If you or a loved one is diagnosed with cancer, you should ask your doctor about clinical trials. Here’s why:
- Clinical trials are carefully conducted tests of new drugs and other therapies that must pass rigorous review and external oversight. When standard treatments have been exhausted, clinical trials provide the chance to explore other possibilities.
- In an era of personalized medicine, clinical trials play a more precise role than ever. “We’re at the stage where we understand the genetic switches that cause cells to start behaving abnormally,” said Dr. Christopher Chitambar, a hematologist/oncologist at the Medical College of Wisconsin (MCW). “Can we design drugs to flip a switch that’s turned on or off? Clinical trials are the ultimate test for that.”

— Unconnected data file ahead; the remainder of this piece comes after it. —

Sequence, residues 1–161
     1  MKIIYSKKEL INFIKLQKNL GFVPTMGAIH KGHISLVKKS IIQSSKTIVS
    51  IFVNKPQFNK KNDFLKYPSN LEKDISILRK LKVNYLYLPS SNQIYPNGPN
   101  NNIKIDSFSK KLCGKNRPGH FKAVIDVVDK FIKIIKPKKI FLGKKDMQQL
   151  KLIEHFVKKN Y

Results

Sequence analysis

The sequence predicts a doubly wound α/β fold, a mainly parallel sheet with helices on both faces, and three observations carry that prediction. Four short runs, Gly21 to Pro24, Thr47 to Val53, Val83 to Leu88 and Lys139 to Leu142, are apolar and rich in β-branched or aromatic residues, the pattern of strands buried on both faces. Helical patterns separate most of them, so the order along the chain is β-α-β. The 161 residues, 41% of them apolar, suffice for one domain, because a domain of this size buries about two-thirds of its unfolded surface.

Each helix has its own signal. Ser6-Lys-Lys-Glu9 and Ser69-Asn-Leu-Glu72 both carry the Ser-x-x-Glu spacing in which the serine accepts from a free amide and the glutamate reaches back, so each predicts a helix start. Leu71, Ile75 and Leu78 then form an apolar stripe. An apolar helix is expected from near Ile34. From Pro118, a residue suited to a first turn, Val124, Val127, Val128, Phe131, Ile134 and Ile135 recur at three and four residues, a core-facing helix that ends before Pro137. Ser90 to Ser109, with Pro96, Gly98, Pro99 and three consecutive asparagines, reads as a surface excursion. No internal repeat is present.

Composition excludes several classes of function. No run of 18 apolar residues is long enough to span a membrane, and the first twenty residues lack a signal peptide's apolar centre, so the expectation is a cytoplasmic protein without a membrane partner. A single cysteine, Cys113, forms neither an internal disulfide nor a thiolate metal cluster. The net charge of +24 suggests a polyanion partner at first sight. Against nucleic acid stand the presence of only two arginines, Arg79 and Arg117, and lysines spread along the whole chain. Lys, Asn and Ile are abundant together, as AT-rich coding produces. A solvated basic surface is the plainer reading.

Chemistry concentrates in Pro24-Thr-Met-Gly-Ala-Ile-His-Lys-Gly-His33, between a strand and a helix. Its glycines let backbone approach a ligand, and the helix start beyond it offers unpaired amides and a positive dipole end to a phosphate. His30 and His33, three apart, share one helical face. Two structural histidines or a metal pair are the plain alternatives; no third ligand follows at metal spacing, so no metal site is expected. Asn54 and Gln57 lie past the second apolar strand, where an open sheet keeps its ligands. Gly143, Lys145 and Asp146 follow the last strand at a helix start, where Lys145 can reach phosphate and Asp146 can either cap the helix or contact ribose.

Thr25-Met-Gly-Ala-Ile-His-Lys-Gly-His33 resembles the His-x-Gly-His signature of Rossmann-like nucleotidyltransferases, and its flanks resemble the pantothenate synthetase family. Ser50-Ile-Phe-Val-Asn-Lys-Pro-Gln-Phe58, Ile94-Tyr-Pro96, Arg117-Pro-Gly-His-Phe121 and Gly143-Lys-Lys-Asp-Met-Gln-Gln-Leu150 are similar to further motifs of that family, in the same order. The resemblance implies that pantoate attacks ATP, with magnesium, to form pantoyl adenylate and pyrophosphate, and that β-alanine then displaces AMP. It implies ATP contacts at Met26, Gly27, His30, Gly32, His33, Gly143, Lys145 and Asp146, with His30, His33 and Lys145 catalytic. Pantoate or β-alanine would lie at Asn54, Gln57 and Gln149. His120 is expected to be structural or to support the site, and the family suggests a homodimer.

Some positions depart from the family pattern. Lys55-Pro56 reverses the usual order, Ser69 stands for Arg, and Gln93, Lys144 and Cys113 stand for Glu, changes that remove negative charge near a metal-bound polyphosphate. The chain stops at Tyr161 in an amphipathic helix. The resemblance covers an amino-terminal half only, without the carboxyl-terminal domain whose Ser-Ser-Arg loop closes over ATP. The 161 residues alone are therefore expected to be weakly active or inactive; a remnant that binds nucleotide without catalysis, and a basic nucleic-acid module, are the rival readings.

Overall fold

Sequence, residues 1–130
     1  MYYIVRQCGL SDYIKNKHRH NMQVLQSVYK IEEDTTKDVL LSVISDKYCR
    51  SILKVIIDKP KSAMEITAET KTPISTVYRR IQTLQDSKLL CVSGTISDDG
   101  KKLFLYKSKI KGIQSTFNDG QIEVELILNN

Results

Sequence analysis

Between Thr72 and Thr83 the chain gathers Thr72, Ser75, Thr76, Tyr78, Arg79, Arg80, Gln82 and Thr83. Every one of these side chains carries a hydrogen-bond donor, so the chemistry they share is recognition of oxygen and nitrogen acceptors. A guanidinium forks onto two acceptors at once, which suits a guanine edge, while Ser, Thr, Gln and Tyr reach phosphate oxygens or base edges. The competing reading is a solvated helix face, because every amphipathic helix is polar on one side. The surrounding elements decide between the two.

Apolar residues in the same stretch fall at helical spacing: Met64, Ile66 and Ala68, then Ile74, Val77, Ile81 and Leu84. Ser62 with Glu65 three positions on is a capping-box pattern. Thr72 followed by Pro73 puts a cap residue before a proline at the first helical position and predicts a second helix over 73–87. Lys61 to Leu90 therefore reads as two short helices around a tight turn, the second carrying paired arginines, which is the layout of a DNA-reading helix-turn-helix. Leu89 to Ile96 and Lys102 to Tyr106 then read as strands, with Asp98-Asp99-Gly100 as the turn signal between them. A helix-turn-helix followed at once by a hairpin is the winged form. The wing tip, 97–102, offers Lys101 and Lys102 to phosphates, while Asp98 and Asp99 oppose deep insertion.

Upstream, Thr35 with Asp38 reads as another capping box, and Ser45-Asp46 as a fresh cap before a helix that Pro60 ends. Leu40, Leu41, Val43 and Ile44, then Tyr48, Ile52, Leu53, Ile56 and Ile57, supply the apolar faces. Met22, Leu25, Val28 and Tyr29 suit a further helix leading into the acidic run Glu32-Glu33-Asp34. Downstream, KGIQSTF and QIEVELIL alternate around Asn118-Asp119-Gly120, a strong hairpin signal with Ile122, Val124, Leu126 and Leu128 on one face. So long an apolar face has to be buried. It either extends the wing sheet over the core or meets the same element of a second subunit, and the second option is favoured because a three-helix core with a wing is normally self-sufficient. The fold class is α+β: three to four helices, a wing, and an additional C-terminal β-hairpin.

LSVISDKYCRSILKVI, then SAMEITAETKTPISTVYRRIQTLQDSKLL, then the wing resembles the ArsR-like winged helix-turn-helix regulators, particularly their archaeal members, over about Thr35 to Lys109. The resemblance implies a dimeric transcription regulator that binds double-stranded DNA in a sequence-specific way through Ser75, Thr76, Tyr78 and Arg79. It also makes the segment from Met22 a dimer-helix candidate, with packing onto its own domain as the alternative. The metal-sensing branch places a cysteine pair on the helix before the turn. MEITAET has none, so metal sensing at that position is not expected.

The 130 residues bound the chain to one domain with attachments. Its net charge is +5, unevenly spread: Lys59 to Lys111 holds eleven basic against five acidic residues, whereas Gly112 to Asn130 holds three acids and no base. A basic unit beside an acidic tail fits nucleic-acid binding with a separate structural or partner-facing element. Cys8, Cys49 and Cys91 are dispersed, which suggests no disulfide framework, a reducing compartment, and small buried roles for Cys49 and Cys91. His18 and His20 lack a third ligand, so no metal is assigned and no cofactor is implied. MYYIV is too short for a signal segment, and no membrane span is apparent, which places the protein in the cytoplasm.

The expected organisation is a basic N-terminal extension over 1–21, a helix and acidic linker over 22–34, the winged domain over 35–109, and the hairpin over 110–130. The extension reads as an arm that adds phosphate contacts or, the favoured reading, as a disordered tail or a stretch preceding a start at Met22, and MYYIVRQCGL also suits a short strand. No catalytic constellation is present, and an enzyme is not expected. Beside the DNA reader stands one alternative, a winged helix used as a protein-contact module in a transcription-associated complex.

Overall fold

- Most costs in a clinical trial are covered by research grants or funding.
- More than 60 percent of children with cancer are treated with clinical trials. Among adult cancer patients, that number is less than 5 percent. Doctors link the higher survival rate in children – around 25 percent more – in part to innovations learned from enrolling patients in clinical trials over many years.
- The decision to participate in or withdraw from a clinical trial is always completely the patient’s.
Clinical trials are critical in the quest to find new ways to fight cancer. Every therapy available today started in a clinical trial. At academic medical centers like the Medical College of Wisconsin, physicians are able to offer patients even more options and leading-edge care.